On 10/31/2012 7:08 PM, Laura Hale wrote:
Do you have any evidence for anons don't contribute significantly to
content that gets peer reviewed?
Let me reiterate: I have seen over a 100 GAs close and personal,
reviewing several dozen. I have never seen an IP major contributor that
did most of the work. This is not a great sample, but good enough to go
on unless somebody shows better data.
The reason it would appear they are not involved in
because more often than they expressly prohibited from doing so. The
implication here could be: IP addresses are contributing GA level
content but regular contributors are not monitoring articles where IP
addresses are doing lots of work and regular contributors are not
supporting taking of the work to the highest level.
A valid speculation, but going against the Linus Law. If this was more
than exception to the rule, the GA community would've discovered this
and dealt with this a long time ago.
is one of the more active articles (which is admittedly crap) with a
high IP address ratio. There are several highly active Wikipedia
editors contributing to it. 463 of the 749 editors are IP addresses.
Still, total edits by registered editors outnumbers unregistered
editors with 1,150 total edits to 1,175. Despite this, the volume of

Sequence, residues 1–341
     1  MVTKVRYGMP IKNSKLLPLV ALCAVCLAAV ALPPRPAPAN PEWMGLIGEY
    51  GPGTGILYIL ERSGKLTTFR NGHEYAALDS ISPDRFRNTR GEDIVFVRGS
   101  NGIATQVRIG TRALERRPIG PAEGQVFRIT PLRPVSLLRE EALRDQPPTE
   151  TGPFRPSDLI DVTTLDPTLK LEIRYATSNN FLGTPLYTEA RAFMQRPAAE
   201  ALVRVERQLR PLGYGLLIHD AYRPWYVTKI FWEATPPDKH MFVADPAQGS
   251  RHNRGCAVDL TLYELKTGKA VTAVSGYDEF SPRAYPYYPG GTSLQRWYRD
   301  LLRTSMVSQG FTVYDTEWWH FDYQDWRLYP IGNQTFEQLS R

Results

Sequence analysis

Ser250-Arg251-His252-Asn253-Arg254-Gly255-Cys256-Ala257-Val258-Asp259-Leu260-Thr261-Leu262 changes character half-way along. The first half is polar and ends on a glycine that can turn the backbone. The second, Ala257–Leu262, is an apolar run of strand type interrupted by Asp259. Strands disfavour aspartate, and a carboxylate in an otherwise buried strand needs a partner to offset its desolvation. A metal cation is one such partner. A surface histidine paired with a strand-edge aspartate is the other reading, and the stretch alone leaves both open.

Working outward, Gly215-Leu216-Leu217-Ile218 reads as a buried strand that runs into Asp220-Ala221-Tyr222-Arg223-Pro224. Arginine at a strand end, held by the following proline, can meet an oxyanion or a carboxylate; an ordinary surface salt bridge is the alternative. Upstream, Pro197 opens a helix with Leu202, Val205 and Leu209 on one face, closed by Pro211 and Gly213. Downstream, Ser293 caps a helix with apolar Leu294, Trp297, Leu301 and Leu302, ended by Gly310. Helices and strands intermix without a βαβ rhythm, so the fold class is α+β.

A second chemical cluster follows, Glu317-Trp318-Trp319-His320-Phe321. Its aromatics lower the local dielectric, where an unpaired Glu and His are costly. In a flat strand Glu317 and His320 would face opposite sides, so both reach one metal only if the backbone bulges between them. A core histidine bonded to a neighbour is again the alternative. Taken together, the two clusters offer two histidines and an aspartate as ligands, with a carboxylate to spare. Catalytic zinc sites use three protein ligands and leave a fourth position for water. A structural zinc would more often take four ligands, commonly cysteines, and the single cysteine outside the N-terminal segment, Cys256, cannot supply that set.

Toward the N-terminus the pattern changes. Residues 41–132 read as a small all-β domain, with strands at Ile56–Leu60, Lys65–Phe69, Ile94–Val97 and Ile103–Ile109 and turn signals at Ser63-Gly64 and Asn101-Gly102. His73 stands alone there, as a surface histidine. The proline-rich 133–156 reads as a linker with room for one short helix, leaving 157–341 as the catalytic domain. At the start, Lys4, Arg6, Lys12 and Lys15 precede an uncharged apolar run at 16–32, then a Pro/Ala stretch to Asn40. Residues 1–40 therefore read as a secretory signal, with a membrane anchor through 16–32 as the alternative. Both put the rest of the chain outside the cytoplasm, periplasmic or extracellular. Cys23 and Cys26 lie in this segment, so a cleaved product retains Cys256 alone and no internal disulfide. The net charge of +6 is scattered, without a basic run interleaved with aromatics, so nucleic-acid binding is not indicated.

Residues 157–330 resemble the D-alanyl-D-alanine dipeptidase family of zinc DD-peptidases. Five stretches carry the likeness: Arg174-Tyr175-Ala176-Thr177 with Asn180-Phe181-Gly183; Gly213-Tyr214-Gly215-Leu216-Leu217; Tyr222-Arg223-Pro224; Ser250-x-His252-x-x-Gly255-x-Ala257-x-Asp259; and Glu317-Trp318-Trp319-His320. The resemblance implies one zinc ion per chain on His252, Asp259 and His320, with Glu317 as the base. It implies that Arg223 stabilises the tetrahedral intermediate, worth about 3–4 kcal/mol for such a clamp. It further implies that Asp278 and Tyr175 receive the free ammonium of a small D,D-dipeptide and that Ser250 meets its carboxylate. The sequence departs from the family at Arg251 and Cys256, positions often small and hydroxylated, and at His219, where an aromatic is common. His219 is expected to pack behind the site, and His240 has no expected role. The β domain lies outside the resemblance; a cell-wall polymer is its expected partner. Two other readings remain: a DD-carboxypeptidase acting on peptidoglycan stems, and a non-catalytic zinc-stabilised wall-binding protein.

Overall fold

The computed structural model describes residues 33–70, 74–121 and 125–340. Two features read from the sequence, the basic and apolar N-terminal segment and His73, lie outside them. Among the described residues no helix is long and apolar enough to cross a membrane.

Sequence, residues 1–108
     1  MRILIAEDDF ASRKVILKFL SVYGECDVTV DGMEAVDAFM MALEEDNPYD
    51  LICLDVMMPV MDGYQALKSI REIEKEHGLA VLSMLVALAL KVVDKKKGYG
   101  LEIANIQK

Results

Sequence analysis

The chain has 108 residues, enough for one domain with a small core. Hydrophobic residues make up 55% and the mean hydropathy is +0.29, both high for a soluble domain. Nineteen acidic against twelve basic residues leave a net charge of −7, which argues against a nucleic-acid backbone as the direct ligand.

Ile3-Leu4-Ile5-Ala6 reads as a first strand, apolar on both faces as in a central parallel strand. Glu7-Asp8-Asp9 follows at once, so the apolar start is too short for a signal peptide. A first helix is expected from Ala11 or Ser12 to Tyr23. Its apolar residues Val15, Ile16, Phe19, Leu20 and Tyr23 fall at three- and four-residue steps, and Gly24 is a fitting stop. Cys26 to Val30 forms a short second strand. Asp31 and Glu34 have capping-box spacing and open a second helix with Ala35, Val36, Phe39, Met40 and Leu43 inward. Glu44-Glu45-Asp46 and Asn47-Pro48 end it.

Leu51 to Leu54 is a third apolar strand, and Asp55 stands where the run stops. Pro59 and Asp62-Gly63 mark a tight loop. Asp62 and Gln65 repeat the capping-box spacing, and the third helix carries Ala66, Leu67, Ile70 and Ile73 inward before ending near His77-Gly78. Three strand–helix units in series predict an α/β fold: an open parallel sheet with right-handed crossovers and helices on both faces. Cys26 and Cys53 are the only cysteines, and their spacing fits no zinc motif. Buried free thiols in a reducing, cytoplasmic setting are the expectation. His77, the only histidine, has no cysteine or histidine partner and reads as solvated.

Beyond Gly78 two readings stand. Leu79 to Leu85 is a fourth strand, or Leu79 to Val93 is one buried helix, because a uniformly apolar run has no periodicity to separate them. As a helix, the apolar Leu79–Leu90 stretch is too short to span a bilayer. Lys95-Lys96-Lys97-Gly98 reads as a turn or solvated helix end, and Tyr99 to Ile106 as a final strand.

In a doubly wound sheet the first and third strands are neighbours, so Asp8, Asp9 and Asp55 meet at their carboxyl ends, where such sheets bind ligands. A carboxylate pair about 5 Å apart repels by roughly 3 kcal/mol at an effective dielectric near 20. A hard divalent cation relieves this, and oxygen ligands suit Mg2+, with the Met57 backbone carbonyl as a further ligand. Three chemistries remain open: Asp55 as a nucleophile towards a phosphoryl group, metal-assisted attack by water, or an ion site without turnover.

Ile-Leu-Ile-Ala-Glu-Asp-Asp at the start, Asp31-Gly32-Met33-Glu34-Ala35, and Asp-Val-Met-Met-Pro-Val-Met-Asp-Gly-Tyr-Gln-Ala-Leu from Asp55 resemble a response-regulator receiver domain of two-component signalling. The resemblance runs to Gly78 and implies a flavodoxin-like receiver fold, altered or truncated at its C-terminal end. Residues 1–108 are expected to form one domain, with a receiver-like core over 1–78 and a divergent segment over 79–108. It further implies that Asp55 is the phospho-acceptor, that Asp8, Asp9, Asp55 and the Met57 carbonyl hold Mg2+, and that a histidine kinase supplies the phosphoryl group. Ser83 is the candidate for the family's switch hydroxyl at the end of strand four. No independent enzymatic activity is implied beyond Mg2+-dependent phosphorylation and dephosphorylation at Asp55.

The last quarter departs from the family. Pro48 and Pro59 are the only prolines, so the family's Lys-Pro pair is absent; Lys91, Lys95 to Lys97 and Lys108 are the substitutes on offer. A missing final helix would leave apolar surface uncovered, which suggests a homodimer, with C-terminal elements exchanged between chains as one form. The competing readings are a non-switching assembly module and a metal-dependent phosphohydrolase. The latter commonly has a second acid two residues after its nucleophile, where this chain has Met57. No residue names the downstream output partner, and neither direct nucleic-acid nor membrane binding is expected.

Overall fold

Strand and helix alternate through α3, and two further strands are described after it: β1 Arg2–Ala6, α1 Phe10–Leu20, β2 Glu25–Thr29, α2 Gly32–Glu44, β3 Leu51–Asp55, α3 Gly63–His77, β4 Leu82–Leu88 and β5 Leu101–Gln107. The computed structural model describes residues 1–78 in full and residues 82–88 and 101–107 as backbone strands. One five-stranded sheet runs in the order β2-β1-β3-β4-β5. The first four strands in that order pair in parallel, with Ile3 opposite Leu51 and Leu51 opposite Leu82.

contributors are not actually resulting in edits that work towards
A better analysis could be something like this: IP addresses are more
likely to represent a large editing population on an article that has
higher visibility and more traffic. The quality of the contributions
to these articles is universally poor for registered and unregistered
users. At the same time, wikipedia processes favour articles that
have less visibility and where there is less inherent conflict. The
necessity of covering a topic comprehensively also serves as a barrier
to taking these higher visibility articles to GA as this is a
challenge, and serves as a discouraging factor for taking an article
through processes. GA, Peer Review and FAC favour more narrow topics
that are less visible and get less traffic. This type of article is
likely to have a much small editing pool, and less likely to be found
by IP address editors. (Example: Tennis articles have more IP address
edits than articles about sport shooting.) This means IP addresses
are less likely to be actively contributing to these articles. As
processes implicitly lock them out, there is little reason for these
users to improve per guidelines on these less visible articles.
Agreed here. IPs represent general populace. General populace has little
experience doing quality edits. Putting aside a significant proportions
of edits that are not constructive (even is some are good faithed), vast
majority of others add little value. It takes a registered editor
(someone who took the time to familiarize themselves with MoS and other
policies, gained an editor identity and thus registered) to take the
haphazard mess that is your average article, copyedit/expand/reference
it, give it a uniform style, and move it towards the Wikipedia peer
review procedures (that most anons don't even know exists).
"To be defeated and not submit, is victory; to be victorious and rest on one's
laurels, is defeat." --Józef Pilsudski